Medical reimbursement of SC judges exempted from RTI: HC

NEW DELHI, Dec 22:
The Delhi High Court has held that reimbursements of medical expenses of the Supreme Court judges cannot be disclosed under the Right To Information (RTI) Act, saying it does not serve any public interest.
Justice Vibhu Bakhru held that the Central Information Commission (CIC) was in error to direct the Supreme Court Registry to provide the information sought, saying “medical records are not liable to be disclosed unless it is shown that the same is in larger public interest”.
“In the present case, the CIC has completely overlooked this aspect of the matter. Further, the extent of medical reimbursement to an individual is also, in one sense, personal information as it would disclose the extent of medical services availed by an individual.
“Thus, unless a larger public interest is shown to be served, there is no necessity for providing such information. Thus, a direction for maintaining records in a manner so as to provide such information is not warranted,” the court said.
The court made the observations in its judgement on the plea of the Supreme Court registry against CIC’s order directing the apex court to maintain details of medical reimbursement availed of by each of its judges in the last three years to be furnished to information-seekers.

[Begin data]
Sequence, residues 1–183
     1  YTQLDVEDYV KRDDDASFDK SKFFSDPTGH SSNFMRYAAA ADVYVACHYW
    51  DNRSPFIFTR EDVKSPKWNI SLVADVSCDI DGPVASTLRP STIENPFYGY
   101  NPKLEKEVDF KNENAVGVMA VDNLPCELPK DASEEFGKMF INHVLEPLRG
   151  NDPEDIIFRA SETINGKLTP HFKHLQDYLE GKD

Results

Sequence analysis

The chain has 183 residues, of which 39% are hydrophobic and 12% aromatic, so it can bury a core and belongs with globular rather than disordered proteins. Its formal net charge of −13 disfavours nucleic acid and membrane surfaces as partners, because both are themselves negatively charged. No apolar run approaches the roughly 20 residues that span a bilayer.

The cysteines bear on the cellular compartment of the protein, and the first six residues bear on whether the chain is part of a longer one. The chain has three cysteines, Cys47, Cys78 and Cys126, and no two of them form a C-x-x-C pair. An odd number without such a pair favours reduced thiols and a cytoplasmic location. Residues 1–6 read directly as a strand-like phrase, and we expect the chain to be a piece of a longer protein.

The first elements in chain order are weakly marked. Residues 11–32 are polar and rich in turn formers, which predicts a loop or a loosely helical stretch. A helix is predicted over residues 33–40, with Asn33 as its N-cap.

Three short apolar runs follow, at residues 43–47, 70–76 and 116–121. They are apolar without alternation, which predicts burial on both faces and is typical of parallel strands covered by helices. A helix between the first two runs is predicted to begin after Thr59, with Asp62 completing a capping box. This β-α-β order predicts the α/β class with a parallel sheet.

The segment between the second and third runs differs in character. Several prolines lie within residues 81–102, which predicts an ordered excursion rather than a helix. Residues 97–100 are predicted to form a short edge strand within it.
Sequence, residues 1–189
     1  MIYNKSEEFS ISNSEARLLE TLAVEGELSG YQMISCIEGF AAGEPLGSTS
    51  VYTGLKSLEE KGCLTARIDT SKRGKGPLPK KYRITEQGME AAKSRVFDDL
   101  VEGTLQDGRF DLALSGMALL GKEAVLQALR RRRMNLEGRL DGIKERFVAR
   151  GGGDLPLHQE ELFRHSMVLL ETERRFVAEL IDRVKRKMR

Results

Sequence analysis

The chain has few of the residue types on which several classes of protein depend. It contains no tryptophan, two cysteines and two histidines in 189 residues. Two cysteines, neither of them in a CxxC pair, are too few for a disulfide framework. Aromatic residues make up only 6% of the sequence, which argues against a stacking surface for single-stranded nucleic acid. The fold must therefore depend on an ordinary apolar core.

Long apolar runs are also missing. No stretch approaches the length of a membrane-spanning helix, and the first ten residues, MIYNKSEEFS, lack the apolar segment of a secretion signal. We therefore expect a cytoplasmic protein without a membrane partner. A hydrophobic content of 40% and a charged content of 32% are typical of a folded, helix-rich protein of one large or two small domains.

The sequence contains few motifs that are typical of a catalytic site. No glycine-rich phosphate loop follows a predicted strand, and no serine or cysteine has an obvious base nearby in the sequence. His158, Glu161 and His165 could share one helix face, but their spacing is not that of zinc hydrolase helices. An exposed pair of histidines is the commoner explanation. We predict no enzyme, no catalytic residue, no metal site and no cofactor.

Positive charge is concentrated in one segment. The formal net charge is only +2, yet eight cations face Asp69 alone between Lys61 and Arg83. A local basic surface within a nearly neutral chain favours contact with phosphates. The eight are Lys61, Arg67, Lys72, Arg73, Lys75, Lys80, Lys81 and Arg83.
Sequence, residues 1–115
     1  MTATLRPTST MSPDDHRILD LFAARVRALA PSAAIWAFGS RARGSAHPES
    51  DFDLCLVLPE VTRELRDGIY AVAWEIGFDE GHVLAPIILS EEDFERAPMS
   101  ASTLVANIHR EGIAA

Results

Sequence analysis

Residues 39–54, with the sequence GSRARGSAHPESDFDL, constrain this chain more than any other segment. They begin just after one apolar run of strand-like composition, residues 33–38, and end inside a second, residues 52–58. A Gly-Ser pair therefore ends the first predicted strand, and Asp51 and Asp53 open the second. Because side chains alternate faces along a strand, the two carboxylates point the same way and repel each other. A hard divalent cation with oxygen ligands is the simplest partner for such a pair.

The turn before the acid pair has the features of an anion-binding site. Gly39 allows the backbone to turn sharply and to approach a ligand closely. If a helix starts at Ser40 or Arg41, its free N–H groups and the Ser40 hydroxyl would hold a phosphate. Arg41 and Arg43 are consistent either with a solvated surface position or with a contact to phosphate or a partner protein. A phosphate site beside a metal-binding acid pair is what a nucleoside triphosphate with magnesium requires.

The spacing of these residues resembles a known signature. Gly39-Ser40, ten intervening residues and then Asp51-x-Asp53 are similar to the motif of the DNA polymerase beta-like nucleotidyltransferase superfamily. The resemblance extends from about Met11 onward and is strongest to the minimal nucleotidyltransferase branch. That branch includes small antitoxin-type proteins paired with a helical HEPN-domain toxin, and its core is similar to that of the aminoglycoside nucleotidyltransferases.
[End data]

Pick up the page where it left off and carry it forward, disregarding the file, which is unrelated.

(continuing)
The high court held CIC’s order as “erroneous”.
CIC had passed its order on RTI activist Subhash Chandra
Agarwal’s plea against the apex court’s response that it does not keep records of medical reimbursement of individual judges and declining to furnish him the information sought by him under the transparency law.
The Commission had in 2010, while asking the apex court’s registry to make arrangements to maintain details of medical reimbursement made to judges, specified that the same be maintained in digital format so that their retrieval and disclosure could be easier.
However, the apex court had refused, citing a stay by the Delhi High Court in a similar case, prompting Agarwal to once again approach CIC.
In its second order of 2012, CIC directed the apex court to place the order before the Secretary General of the Supreme Court so that he can ensure its compliance.
It is against this order that the apex court registry had moved the High Court in appeal.
The High Court, while allowing the appeal, said that “information relating to the medical records would be personal information which is exempt from disclosure under the Act”.
“The medical bills would indicate the treatment and/or medicines required by individuals and this would clearly be an invasion of the privacy,” it said. (AGENCIES)


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